If the BSoD happened after enabling Hyper-V-related features, and if you are on an AMD platform, disable AMD PSS in the BIOS.

Disabling Memory Integrity supposedly works too, but NOT RECOMMENDED for security reasons.

The Story

My weekend could have been a lot smoother this week. Here’s the story: I’ve been using Hyper-V ever since WSL 2 was first introduced to the Windows 10 preview builds. Since running a hypervisor (VMware layer) inside another hypervisor (Hyper-V layer) is not exactly ideal performance-wise, I figured I might as well give Hyper-V a try.

Fast forward to yesterday. I was setting up a Windows 7 Hyper-V instance for my malware lab at home. During the setup, I figured I’d add my on-board Wi-Fi module as an External VM Hyper-V Switch.

…annnnd I couldn’t. I keep running into this mysterious Element not found and Folder already exists error. Looking it up, I had tried everything from netcfg -d to reinstalling the network driver - nothing worked. Great.

As a last resort, I tried the nuke approach: re-install the Hyper-V feature on my Windows 10 20H2 (19042.630) installation by disabling and re-enabling the Hyper-V and its related Windows features (i.e., Hyper-V, Virtual Machine Platform, Windows Hypervisor Platform, Windows Subsystem for Linux, Microsoft Defender Application Guard). And that was where my trouble got even worse.

After re-enabling the features, my Windows couldn’t even reach the Windows loading screen without this pesky SYSTEM_THREAD_EXCEPTION_NOT_HANDLED BSoD.

At this point I was like, “Welp, I guess my system is just cursed.” I didn’t even bother troubleshooting beyond the basic “let’s enter safe mode and see if that works” and “let’s see what the Internet has to say” steps. Since I already have regular backups (you should too), reinstalling Windows really wasn’t that big of a deal to me; might as well just do it then.

After reinstalling Windows 20H2 (after like an hour or two of getting the latest Windows ISO, thanks Microsoft for throttling the traffic) and getting my most essential programs set up, I went ahead and enabled Hyper-V features again.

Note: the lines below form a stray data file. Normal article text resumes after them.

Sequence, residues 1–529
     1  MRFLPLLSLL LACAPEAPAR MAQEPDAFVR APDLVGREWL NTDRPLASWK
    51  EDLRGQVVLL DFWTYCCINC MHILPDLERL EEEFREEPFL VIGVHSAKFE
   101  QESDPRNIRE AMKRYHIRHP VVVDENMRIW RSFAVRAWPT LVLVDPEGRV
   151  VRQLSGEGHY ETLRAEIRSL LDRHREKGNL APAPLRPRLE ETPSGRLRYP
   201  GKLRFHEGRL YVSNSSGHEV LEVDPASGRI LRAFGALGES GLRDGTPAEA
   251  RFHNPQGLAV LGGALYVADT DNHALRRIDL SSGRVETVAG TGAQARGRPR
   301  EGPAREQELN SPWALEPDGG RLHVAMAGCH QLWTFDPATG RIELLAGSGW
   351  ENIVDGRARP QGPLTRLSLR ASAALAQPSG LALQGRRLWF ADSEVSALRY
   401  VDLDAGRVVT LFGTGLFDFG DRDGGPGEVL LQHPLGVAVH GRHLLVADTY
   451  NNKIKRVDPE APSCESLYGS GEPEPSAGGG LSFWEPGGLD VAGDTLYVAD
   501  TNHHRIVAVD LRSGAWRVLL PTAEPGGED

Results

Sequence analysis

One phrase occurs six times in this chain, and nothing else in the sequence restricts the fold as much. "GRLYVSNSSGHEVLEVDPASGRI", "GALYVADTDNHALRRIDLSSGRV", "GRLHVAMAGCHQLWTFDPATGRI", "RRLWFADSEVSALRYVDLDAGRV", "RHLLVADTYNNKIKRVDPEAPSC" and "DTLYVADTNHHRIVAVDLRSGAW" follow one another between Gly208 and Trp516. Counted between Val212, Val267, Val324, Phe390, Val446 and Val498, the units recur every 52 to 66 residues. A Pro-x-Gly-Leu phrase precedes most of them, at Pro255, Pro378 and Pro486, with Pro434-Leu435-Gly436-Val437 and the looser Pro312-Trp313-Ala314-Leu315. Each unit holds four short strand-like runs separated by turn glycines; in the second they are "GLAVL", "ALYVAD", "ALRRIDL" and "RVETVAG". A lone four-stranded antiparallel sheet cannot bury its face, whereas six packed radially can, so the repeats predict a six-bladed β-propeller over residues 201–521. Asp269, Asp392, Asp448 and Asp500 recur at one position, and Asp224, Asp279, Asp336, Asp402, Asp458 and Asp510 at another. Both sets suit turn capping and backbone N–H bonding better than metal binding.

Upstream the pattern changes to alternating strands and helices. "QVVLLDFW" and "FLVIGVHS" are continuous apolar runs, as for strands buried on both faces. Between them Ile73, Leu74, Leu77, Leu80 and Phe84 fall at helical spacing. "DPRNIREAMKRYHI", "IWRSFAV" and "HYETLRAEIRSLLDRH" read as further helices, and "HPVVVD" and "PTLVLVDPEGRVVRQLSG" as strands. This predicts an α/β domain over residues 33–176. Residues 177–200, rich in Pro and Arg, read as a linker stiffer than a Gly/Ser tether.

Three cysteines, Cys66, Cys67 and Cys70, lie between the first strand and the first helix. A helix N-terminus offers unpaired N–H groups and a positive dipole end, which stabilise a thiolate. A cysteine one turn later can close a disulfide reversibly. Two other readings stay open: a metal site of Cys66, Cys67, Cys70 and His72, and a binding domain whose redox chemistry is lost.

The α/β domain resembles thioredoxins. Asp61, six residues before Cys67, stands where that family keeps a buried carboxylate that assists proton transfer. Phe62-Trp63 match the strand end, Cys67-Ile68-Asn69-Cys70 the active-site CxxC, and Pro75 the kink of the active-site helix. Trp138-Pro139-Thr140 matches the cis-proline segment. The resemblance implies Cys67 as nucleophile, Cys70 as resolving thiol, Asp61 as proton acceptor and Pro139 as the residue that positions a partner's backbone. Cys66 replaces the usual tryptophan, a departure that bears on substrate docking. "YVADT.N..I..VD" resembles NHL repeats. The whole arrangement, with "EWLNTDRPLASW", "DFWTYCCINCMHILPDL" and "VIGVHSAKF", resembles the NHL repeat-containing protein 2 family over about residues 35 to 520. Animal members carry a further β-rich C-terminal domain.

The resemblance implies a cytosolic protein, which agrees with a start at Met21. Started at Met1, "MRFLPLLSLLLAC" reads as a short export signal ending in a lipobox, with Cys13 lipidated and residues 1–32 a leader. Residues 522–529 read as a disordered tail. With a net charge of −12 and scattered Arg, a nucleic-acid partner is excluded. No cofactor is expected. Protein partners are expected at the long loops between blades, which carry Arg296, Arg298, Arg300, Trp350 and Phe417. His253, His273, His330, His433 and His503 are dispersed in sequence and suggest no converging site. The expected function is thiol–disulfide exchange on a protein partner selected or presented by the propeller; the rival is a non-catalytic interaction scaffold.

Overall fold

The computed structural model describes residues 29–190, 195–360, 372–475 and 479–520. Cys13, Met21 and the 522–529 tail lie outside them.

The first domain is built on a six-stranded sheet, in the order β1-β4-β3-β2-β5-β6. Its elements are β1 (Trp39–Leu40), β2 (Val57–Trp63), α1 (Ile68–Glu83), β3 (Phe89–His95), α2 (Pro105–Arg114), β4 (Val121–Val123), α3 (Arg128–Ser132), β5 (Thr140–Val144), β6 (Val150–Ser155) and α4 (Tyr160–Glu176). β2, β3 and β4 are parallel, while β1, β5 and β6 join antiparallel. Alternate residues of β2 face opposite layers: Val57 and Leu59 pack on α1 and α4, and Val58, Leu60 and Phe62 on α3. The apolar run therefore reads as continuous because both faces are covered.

…annnnd we’re back to this blue screen crap.

Thankfully, a Microsoft employee on the PowerShell Discord that I visit regularly suggested that it was a known issue on some platforms, particularly, Lenovo laptops with biometric passthrough. Initially I didn’t really buy into that suggestion, as it seemed like a niche Lenovo-related incident, but he did suggest turning off virtualization features in the BIOS to see if it would help. Disabling AMD SVM (the AMD equivalent of Intel VT-d) did allow me to boot back into Windows. Upon getting past the loading screen, Windows noticed the installed features aren’t working as intended and rolled back the features.

That’s great and all, but… I kinda need SVM if I want to use any software that utilize hardware virtualization at all! Since the person on Discord mentioned that it was “certain features” causing this BSoD, I decided to try to pinpoint the issue myself. I first tried disabling certain CPU features that I knew I wasn’t using or explicitly required to be on, then I enabled Windows Features one by one, instead of enabling all at once. Everything booted. Okay cool.

Let’s try re-enabling AMD PSS, one of the features I disabled. And ladies and gentlemen, that was it! This non-descriptive feature with a vaguely technical description was causing the issue. I can’t imagine why ACPI-related features would lead to this bizarre issue, but more importantly - whoever in charge of writing the feature description over at ASUS needs to revise them. I have no idea what any of that meant without consulting AMD’s tech specs.

By the way, the Wi-Fi bridging VM switch thing? Still doesn’t work after a reinstall. Thanks Microsoft. I swear, VMware seems more than reliable at this rate.




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